For visual comparison, Figure 13 shows the estimated fractional abundance maps by applying the proposed BSOMP, SMP, RSFoBa, SOMP, SUnSAL, and SUnSAL-TV algorithms to the AVIRIS Cuprite data for three different minerals (Alunite, Buddingtonite, and Chalcedony). For comparison, the classification maps of three materials extracted from the Tricorder 3.3 software are also presented in Figure 13. It can be observed that the abundances estimated by BSOMP are comparable or higher in the regions assigned to the respective minerals in comparison to the other considered algorithms, with regard to the classification maps produced by the Tricorder 3.3 software. We also analyzed the sparsity of the abundances estimated by BSOMP; the average number of endmembers with abundances higher than 0.001 estimated by BSOMP is 11.810 (per pixel). This means that the algorithm uses a minimum number of members to explain the data. Overall, the qualitative results and visual results reported in this section indicate that the BSOMP algorithm is more effective for sparse unmixing than the other algorithms.

Figure 13: Abundance maps estimated by SUnSAL, CLSUnSAL, SUnSAL-TV, SOMP, SMP, RSFoBa, and BSOMP and the distribution maps produced by Tricorder 3.3 software for the AVIRIS Cuprite scene. From top row to bottom row are the maps produced or estimated by Tricorder software, SUnSAL, CLSUnSAL, SUnSAL-TV, SOMP, SMP, RSFoBa, and BSOMP, respectively. From left column to right column are the maps corresponding to Alunite, Buddingtonite, and Chalcedony, respectively.

5. Conclusions

In this paper, we present a new SGA termed BSOMP for sparse unmixing of hyperspectral data. The main idea of the proposed algorithm is that BSOMP incorporates a backtrack step to detect the previous chosen endmembers’ reliability and then deletes the unreliable endmembers. It is proved that BSOMP can recover the optimal endmembers from the spectral library under certain conditions. Experiments on both synthetic data and real data also demonstrate that the BSOMP algorithm is more effective than the other SGAs for sparse unmixing.

The topic we want to discuss is why BSOMP is effective for sparse unmixing. Endmember selection and abundance estimation are the two main parts of the SGAs. The number of the potential endmembers selected by the SGAs is far smaller than the number of spectral signatures in the spectral library, and then the abundance estimation method makes the abundance vectors sparse further with the relatively small endmembers subset. The main difference among BSOMP, SOMP, SMP, and RSFoBa is the endmember selection. The SGAs adopt a block-processing strategy to efficiently select endmembers, but the numbers of endmembers selected are still larger than the actual number. However the nonexisting endmembers will have a negative effect on the estimation of the abundances corresponding to the actual endmembers.

Compared with SOMP and SMP, BSOMP and RSFoBa adopt a backward step to detect the previous chosen endmembers’ reliability and delete the nonexisting endmembers. So BSOMP and RSFoBa can select the actual endmembers more accurately than SOMP and SMP. The main difference between BSOMP and RSFoBa is that the former adopts a backward step in the whole hyperspectral data, while the latter adopts a backward step in each block. As shown in Figures 10 and 11, we can observe that the block size will significantly affect the number of the endmembers obtained by RSFoBa, while BSOMP is not affected by the block size. In conclusion, BSOMP can select the actual endmembers more accurately than the other SGAs and be beneficial to improve estimation effectiveness.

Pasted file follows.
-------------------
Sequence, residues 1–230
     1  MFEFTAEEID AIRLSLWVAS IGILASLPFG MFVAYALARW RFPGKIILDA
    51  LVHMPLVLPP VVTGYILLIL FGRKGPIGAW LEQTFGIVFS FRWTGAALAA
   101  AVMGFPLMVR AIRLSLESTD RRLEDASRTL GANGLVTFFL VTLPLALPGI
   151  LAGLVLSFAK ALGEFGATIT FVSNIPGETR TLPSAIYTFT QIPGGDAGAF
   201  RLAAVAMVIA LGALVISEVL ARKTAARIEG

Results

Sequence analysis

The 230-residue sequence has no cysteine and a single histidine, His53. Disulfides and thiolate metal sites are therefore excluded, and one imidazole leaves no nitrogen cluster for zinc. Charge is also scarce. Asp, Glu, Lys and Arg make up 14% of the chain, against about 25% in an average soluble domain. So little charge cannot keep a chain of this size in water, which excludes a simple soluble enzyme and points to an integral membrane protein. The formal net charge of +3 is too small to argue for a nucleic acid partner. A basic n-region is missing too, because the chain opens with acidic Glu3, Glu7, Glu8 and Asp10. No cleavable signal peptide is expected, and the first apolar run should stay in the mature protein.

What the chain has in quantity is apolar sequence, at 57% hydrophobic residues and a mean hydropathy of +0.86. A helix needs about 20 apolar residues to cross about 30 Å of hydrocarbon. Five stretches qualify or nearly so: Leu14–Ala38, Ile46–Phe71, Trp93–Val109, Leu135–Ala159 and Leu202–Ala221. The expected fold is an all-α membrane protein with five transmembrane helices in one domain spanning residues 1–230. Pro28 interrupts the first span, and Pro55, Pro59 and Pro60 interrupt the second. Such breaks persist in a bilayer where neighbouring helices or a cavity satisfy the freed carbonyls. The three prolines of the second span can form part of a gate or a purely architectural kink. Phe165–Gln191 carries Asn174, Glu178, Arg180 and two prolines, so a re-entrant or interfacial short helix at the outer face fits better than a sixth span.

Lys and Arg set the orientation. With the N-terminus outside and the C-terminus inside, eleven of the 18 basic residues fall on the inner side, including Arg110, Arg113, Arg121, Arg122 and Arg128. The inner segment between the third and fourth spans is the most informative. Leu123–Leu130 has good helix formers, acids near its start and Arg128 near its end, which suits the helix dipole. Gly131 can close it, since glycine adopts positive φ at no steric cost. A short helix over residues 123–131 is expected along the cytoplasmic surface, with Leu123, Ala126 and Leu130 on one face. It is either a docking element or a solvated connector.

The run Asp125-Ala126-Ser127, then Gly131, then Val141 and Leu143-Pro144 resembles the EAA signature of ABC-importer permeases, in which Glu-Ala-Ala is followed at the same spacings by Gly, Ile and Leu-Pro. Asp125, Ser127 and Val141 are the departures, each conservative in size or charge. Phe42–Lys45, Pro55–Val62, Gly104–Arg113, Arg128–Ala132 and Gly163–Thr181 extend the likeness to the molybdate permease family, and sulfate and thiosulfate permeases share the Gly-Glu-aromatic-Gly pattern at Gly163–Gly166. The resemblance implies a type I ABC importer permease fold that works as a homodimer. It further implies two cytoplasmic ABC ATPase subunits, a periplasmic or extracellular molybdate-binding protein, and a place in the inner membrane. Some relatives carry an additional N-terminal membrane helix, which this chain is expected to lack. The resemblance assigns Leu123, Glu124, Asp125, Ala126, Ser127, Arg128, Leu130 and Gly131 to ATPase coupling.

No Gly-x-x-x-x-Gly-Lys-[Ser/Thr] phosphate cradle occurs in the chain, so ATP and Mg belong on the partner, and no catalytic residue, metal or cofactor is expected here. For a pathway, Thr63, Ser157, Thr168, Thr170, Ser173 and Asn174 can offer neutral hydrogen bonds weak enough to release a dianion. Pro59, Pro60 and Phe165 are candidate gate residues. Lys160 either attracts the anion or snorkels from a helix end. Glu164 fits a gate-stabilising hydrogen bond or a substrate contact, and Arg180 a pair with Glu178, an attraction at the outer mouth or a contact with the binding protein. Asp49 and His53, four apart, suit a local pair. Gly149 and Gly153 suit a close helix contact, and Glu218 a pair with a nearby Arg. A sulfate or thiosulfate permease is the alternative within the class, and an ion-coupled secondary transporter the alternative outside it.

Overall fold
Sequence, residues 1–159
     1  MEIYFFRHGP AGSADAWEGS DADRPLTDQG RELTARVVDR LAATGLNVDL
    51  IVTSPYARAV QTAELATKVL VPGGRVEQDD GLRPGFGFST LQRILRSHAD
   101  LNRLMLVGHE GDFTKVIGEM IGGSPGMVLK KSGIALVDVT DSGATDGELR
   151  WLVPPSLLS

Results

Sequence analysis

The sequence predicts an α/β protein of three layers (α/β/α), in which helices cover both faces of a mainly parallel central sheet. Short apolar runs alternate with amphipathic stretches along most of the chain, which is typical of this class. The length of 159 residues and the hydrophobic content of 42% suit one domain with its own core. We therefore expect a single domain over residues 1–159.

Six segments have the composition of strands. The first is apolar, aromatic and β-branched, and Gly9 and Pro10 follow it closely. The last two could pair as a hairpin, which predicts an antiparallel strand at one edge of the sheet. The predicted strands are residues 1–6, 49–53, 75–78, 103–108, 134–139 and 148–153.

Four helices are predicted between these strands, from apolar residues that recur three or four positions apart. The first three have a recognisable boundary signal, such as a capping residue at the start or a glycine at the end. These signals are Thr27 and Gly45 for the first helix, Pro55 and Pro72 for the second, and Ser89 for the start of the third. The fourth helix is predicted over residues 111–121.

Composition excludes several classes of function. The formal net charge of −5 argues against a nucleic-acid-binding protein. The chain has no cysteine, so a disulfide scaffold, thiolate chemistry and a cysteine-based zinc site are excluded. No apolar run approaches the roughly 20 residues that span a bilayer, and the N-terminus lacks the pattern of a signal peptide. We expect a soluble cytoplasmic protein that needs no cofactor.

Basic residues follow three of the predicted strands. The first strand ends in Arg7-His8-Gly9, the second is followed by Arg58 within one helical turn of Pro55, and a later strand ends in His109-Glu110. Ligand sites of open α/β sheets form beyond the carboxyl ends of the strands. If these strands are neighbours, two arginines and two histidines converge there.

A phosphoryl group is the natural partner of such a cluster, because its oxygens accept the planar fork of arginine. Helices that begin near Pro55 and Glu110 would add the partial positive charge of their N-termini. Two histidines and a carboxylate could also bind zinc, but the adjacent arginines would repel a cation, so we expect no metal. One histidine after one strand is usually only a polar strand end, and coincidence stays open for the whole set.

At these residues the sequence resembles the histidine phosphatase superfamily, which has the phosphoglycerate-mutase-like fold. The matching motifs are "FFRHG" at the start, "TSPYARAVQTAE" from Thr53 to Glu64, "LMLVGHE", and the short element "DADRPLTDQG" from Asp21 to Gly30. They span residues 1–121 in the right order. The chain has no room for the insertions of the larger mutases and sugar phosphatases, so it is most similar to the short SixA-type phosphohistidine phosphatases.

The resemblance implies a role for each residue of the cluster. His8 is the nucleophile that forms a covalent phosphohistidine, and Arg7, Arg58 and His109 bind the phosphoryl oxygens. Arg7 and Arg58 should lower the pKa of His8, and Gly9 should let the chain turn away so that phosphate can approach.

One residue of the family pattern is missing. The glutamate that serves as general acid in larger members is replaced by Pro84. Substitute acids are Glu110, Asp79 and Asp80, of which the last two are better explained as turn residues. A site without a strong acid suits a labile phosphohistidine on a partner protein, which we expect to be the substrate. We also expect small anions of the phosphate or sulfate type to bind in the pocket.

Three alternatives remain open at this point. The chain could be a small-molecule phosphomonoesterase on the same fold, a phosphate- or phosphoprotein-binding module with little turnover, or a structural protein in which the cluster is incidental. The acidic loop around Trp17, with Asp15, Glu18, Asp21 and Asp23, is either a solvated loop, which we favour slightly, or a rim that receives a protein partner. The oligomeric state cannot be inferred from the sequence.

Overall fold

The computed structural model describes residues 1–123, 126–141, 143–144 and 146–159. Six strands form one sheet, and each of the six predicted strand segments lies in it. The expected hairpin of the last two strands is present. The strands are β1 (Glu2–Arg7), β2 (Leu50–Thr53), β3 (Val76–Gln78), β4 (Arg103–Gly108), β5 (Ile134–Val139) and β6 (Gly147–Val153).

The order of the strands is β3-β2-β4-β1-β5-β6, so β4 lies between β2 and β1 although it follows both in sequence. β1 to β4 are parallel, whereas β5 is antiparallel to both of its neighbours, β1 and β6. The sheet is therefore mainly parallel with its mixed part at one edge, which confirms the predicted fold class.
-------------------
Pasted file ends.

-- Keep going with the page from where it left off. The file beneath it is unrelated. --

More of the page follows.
Appendix

Proof of Theorem 7

First we should introduce some definitions which will be used during the proof process.

Definition A.1. Given hyperspectral image data matrix and available spectral library matrix , is a submatrix of the spectral library , where contains the columns indexed in , contains the remaining columns, ; is a submatrix of , which contains the remaining () columns indexed in ; is a submatrix of and contains the rows listed in .

Now we will prove the theorem on the performance of the algorithm.

Proof. Let denote the orthogonal projector onto the range of :where denotes the conjugate transpose of . Since the columns of are orthogonal to the columns of (), we haveThe maximum correlation between (a submatrix of the spectral library ) and the residual is smaller than the maximum correlation between the spectral library and the residual , so we haveInvoke (A.2) and (A.3) and apply the triangle inequality to getThen the matrix can be expressed in the following manner:The last equality holds because is orthogonal to the range of . Applying the triangle inequality, the second term of (A.4) can be rewritten as follows:We will apply the cumulative coherence function to deduce the estimates of (A.6); the deduction has five steps.
Each row of the matrix lists the inner products between a spectral endmember and () distinct endmembers; we have Use the fact that is submultiplicative and invoke (A.1) to get Making use of the same deduction as in step , we have Since the columns of are normalized, the Gram matrix lists the inner products between different endmembers, so the matrix has a unit diagonal, and then we can getwhere ; then we can expand the inverse in a Neumann series to get Invoke the bounds from steps to into (A.6); we can obtain thatSimplify expression (A.12) to conclude thatIn order to produce the an upper bound of , we deduce the following formula by using the triangle inequality:Since is orthogonal to the range of . Introduce (A.5) into (A.14); we can getThe equality holds because is orthogonal to the range of ; we can replace by . Let and rewrite ; we can expand its inverse in a Neumann series to obtainRecall the definition of , and apply the triangle inequality to obtainThe right-hand side of inequality can be deduced completely analogous with steps , we can obtainIntroduce (A.18) and (A.16) into (A.14); we haveUsing the same deduction as (A.3), it follows that . So (A.19) can be rewritten as follows:Introduce (A.20) into (A.13); we can get Introduce (A.21) into (A.4) to getFinally, assume we have a bound , so (A.22) can be rewritten as follows:This completes the argument.

Conflict of Interests

The authors declare that there is no conflict of interests regarding the publication of this paper.

Acknowledgments

This work has been supported by a grant from the NUAA Fundamental Research Funds (NS2013085). The authors would like to thank M. D. Iordache, J. Bioucas-Dias, and A. Plaza for sharing Simulated Data 2 and their codes for the algorithms of CLSUnSAL, SUnSAL, and SUnSAL-TV. The authors would also like to thank Shi Z, Tang W, Duren Z, and Jiang Z for sharing their codes for the algorithms of SMP and RSFoBa. Moreover, the authors would also like to thank those anonymous reviewers for their helpful comments to improve this paper.